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chameleon

[kuh-mee-lee-uh n, -meel-yuh n] /kəˈmi li ən, -ˈmil yən/
noun
1.
any of numerous Old World lizards of the family Chamaeleontidae, characterized by the ability to change the color of their skin, very slow locomotion, and a projectile tongue.
2.
any of several American lizards capable of changing the color of the skin, especially Anolis carolinensis (American chameleon) of the southeastern U.S.
3.
a changeable, fickle, or inconstant person.
4.
(initial capital letter) Astronomy. Chamaeleon.
Origin of chameleon
1300-1350
1300-50; variant of chamaeleon < Latin < Greek chamailéōn, equivalent to chamaí on the ground, dwarf (akin to humus) + léōn lion; replacing Middle English camelion < Middle French < Latin, as above
Related forms
chameleonic
[kuh-mee-lee-on-ik] /kəˌmi liˈɒn ɪk/ (Show IPA),
adjective
chameleonlike, adjective
Dictionary.com Unabridged
Based on the Random House Dictionary, © Random House, Inc. 2017.
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Examples from the Web for chameleonlike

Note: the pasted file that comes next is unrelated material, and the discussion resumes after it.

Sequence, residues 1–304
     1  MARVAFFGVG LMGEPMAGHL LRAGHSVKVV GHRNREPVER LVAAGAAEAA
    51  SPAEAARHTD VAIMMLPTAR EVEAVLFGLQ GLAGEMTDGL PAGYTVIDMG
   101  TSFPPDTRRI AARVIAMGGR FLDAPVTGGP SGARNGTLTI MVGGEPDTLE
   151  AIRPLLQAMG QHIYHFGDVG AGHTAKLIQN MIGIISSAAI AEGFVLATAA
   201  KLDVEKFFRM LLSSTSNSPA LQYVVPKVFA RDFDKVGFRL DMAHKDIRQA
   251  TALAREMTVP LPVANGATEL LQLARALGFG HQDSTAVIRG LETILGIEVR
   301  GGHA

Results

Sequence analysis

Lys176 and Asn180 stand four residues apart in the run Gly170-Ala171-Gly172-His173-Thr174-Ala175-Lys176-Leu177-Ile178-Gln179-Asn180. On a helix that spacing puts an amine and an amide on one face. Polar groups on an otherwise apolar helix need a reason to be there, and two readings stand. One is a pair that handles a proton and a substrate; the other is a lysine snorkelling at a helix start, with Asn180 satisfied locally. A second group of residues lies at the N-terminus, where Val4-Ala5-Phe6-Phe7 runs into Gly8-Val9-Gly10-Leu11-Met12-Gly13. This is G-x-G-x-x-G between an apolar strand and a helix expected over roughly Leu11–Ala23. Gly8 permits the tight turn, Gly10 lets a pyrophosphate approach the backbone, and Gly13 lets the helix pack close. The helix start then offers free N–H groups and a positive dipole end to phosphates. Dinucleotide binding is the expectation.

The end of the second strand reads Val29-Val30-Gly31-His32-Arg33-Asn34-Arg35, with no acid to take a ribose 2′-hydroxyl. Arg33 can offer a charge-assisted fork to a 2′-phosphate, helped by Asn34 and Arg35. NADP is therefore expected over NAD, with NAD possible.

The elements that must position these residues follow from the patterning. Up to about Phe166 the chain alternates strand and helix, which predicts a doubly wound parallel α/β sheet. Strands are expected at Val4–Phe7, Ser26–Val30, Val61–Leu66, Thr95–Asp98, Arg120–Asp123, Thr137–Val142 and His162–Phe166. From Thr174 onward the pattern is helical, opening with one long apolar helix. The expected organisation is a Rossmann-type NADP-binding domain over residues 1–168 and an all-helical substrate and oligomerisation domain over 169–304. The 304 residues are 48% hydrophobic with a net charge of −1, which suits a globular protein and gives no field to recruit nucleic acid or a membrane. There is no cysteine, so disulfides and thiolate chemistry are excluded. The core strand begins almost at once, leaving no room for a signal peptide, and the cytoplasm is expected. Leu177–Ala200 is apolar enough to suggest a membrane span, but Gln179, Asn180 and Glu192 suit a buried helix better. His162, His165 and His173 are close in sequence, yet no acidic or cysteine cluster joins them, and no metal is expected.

Historical Examples
  • And, chameleonlike, she took on the color of her gay surroundings.

    Superwomen Albert Payson Terhune
British Dictionary definitions for chameleonlike

chameleon

/kəˈmiːlɪən/
noun
1.
any lizard of the family Chamaeleontidae of Africa and Madagascar, having long slender legs, a prehensile tail and tongue, and the ability to change colour
2.
a changeable or fickle person
Derived Forms
chameleonic (kəˌmiːlɪˈɒnɪk) adjective
chameleon-like, adjective
Word Origin
C14: from Latin chamaeleon, from Greek khamaileōn, from khamai on the ground + leōnlion
Collins English Dictionary - Complete & Unabridged 2012 Digital Edition
© William Collins Sons & Co. Ltd. 1979, 1986 © HarperCollins
Publishers 1998, 2000, 2003, 2005, 2006, 2007, 2009, 2012
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Word Origin and History for chameleonlike

chameleon

n.

mid-14c., camelion, from Old French caméléon, from Latin chamaeleon, from Greek khamaileon "the chameleon," from khamai "on the ground" (also "dwarf"), akin to chthon "earth" (see chthonic) + leon "lion" (see lion). Perhaps the large head-crest on some species was thought to resemble a lion's mane. The classical -h- was restored in English early 18c. Figurative sense of "variable person" is 1580s. It formerly was supposed to live on air (cf. "Hamlet" III.ii.98).

Online Etymology Dictionary, © 2010 Douglas Harper
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